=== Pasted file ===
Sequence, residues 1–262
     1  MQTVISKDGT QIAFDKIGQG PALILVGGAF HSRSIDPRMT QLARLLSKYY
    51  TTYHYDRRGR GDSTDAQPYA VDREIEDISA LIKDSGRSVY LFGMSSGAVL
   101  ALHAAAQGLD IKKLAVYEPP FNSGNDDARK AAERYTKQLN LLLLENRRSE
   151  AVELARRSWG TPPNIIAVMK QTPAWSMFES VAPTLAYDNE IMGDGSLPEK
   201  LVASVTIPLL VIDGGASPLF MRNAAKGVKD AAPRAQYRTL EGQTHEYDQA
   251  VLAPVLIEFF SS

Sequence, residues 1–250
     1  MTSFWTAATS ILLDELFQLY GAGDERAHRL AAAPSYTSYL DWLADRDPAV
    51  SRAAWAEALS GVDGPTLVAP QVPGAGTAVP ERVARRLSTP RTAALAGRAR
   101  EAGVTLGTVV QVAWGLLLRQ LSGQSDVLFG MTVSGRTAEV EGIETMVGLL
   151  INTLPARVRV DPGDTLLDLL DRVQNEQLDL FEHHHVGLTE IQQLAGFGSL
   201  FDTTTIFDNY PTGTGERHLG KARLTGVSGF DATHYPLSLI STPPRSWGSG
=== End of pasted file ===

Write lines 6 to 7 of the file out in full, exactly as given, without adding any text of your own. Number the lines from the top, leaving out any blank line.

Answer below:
   201  LVASVTIPLL VIDGGASPLF MRNAAKGVKD AAPRAQYRTL EGQTHEYDQA
   251  VLAPVLIEFF SS